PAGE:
Silly stories, words, and images in the life of a medical student and her friends


Photo

Jul 28, 2014
@ 8:45 am
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518 notes

erratic-emedicine:

erratic-emedicine:

This diagram shows how the mechanics of the heart co-ordinate with the heart sounds and the ECG (EKG).
By keeping this diagram in mind, it can make identifying murmurs much easier, by taking the pulse whilst auscultating.  
The pulse represents the maximum arterial pressure, which as you can see in the diagram occurs in between heart sounds 1 and 2. Once you have identified which heart sound is which, you can more easily identify systole, and diastole, and describe with greater accuracy the nature of a murmur if present. 


Murmur Murmur
Here’s some causes of murmur patterns:
Ejection Systolic Murmurs

AorticStenosis - Ejection systolic murmur, radiates to carotids (In Aortic Sclerosis, there is no carotid radiation)
Pulmonary Stenosis  - Ejection systolic murmur which radiates to back/left scapula (may obscure second heart sound)
Atrial Septal Defect - sounds like pulmonary stenosis
Hypertrophic Cardiomyopathy - Harsh Ejection systolic murmur, palpable

Pansystolic Murmurs

Mitral Regurgitation - Best heard at apex, radiates to axilla
Tricuspid Regurgitation - Best heard at left lower sternal edge (tricuspid region) 
Ventricular Septal Defect - Best heard at left sternal edge

Early Diastolic Murmurs

Aortic Regurgitation - best heart at left sternal edge, in expiration, with patient leaning forward
(Rarely) Pulmonary Regurgitation

Mid-Diastolic Murmurs

Usually Mitral Stenosis - Best heard with Bell of stethescope at apex, with patient rolled to left
Rarely Tricuspid stenosis - sounds simliar to Mitral Stenosis

Continuous Murmur - referred to as a ‘machinery murmur’, although I don’t think anyone knows what machine it sounds like.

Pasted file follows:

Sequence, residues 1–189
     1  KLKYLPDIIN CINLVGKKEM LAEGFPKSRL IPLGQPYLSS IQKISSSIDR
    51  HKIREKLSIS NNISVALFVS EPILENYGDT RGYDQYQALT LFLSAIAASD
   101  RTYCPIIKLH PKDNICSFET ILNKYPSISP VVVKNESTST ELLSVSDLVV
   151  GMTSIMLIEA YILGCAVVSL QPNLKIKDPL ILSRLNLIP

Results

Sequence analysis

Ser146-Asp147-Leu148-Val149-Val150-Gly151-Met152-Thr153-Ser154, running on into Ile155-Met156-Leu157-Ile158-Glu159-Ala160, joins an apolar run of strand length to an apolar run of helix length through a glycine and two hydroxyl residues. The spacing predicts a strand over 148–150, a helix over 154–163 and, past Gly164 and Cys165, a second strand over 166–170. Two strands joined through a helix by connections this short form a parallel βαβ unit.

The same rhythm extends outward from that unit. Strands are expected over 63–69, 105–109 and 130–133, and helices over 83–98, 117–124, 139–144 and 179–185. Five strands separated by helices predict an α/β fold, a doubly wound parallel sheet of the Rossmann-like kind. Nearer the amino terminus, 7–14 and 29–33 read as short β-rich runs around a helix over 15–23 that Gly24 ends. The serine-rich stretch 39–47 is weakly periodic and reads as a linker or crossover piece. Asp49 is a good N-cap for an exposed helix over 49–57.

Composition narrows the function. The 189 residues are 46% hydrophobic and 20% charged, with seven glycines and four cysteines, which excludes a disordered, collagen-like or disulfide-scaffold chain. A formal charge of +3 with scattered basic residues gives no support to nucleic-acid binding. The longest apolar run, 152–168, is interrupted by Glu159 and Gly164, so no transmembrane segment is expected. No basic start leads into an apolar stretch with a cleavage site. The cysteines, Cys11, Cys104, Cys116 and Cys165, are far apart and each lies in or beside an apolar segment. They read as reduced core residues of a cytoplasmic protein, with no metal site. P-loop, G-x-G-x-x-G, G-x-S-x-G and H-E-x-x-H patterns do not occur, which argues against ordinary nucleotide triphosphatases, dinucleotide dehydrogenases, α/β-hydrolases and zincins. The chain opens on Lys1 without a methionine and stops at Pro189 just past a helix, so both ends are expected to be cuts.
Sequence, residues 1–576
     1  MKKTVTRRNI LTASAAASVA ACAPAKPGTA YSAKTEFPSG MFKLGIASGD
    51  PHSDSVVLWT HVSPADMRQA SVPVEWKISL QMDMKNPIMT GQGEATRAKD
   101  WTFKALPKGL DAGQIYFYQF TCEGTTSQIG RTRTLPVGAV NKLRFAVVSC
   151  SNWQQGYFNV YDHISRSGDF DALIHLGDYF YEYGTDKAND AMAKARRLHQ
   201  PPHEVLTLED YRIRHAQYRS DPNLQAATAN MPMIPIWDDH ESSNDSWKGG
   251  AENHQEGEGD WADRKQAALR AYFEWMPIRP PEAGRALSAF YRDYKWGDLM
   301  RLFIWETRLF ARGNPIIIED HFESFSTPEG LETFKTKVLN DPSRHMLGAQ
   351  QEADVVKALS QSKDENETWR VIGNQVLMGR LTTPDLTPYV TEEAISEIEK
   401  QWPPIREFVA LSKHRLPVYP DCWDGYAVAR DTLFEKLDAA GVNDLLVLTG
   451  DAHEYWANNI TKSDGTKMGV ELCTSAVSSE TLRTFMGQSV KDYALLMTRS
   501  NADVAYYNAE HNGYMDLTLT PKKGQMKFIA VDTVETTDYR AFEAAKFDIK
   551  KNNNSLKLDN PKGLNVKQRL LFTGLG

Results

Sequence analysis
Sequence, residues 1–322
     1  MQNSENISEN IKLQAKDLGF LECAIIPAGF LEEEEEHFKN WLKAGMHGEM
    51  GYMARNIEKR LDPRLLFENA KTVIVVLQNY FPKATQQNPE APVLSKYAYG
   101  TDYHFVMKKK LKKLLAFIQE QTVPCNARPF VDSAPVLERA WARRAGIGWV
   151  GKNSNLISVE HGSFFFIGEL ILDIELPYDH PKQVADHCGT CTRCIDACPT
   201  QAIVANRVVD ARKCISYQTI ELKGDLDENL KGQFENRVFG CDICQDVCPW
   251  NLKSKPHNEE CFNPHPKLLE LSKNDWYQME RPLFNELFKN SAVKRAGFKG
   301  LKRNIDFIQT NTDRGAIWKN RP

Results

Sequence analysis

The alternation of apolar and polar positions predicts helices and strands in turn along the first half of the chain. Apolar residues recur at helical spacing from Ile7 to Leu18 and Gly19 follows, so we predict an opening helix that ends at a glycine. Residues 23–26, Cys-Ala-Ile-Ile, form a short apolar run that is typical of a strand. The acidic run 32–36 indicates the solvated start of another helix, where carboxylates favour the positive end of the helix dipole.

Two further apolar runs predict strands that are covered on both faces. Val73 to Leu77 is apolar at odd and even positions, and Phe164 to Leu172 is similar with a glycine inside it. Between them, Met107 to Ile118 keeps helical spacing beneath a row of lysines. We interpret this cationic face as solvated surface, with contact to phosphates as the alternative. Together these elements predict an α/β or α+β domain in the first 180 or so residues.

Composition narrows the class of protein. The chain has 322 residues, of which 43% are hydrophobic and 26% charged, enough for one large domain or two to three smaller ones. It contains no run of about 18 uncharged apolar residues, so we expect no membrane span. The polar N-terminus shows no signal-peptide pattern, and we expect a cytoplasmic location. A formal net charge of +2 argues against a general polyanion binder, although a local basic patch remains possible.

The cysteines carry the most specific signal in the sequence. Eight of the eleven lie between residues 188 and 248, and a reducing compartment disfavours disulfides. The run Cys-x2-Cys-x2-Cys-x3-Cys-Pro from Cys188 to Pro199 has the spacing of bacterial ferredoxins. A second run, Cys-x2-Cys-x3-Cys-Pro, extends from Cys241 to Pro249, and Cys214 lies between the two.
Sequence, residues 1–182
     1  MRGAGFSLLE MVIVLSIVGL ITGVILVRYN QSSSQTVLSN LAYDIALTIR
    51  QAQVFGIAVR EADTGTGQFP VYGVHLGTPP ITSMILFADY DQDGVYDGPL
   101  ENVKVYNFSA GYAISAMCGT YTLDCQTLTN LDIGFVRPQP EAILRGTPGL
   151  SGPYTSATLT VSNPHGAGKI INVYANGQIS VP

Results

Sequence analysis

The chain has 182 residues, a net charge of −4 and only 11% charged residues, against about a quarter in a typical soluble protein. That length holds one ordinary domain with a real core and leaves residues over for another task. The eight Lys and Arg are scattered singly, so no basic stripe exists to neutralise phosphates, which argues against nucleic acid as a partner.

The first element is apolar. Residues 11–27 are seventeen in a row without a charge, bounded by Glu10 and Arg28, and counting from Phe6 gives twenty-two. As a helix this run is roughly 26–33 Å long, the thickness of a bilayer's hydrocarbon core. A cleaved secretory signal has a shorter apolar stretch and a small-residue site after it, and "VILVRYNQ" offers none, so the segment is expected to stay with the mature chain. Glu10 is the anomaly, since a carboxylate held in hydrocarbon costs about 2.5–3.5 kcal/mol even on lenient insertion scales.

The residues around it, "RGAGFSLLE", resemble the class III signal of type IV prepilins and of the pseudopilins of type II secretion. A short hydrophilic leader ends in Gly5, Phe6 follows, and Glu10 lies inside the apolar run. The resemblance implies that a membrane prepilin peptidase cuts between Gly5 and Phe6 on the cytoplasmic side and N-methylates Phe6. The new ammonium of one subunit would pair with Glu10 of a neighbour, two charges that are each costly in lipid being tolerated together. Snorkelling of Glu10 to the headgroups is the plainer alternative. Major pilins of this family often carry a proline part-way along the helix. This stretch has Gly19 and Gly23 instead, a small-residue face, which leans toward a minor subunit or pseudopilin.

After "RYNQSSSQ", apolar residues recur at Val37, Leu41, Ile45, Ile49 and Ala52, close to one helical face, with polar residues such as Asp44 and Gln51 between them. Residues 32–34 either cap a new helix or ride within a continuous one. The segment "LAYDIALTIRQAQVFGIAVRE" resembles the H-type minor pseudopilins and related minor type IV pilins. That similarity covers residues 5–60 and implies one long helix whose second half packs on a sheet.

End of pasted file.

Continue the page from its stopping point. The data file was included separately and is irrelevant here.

Patent Ductus Arteriosus - rare in adults. Best heard over upper left sternal border, radiates to back/left scapula

erratic-emedicine:

erratic-emedicine:

This diagram shows how the mechanics of the heart co-ordinate with the heart sounds and the ECG (EKG).

By keeping this diagram in mind, it can make identifying murmurs much easier, by taking the pulse whilst auscultating.  

The pulse represents the maximum arterial pressure, which as you can see in the diagram occurs in between heart sounds 1 and 2. Once you have identified which heart sound is which, you can more easily identify systole, and diastole, and describe with greater accuracy the nature of a murmur if present. 

Murmur Murmur

Here’s some causes of murmur patterns:

Ejection Systolic Murmurs

AorticStenosis - Ejection systolic murmur, radiates to carotids (In Aortic Sclerosis, there is no carotid radiation)

Pulmonary Stenosis  - Ejection systolic murmur which radiates to back/left scapula (may obscure second heart sound)

Atrial Septal Defect - sounds like pulmonary stenosis

Hypertrophic Cardiomyopathy - Harsh Ejection systolic murmur, palpable

Pansystolic Murmurs

Mitral Regurgitation - Best heard at apex, radiates to axilla

Tricuspid Regurgitation - Best heard at left lower sternal edge (tricuspid region) 

Ventricular Septal Defect - Best heard at left sternal edge

Early Diastolic Murmurs

Aortic Regurgitation - best heart at left sternal edge, in expiration, with patient leaning forward

(Rarely) Pulmonary Regurgitation

Mid-Diastolic Murmurs

Usually Mitral Stenosis - Best heard with Bell of stethescope at apex, with patient rolled to left